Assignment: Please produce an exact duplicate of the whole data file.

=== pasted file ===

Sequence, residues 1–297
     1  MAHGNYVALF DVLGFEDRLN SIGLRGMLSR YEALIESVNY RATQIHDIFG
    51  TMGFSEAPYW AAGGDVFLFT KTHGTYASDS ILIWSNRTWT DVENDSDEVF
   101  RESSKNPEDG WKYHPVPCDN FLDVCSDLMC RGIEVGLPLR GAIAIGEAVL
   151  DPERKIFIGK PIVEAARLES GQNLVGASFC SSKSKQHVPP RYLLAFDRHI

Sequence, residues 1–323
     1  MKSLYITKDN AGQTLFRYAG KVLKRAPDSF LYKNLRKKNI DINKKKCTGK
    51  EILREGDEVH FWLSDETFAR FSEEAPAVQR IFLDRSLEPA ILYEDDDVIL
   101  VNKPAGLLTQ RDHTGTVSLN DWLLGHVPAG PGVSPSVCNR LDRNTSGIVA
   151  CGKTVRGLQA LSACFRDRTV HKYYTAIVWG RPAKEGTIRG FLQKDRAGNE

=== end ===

Sequence, residues 1–297
     1  MAHGNYVALF DVLGFEDRLN SIGLRGMLSR YEALIESVNY RATQIHDIFG
    51  TMGFSEAPYW AAGGDVFLFT KTHGTYASDS ILIWSNRTWT DVENDSDEVF
   101  RESSKNPEDG WKYHPVPCDN FLDVCSDLMC RGIEVGLPLR GAIAIGEAVL
   151  DPERKIFIGK PIVEAARLES GQNLVGASFC SSKSKQHVPP RYLLAFDRHI

Sequence, residues 1–323
     1  MKSLYITKDN AGQTLFRYAG KVLKRAPDSF LYKNLRKKNI DINKKKCTGK
    51  EILREGDEVH FWLSDETFAR FSEEAPAVQR IFLDRSLEPA ILYEDDDVIL
   101  VNKPAGLLTQ RDHTGTVSLN DWLLGHVPAG PGVSPSVCNR LDRNTSGIVA
   151  CGKTVRGLQA LSACFRDRTV HKYYTAIVWG RPAKEGTIRG FLQKDRAGNE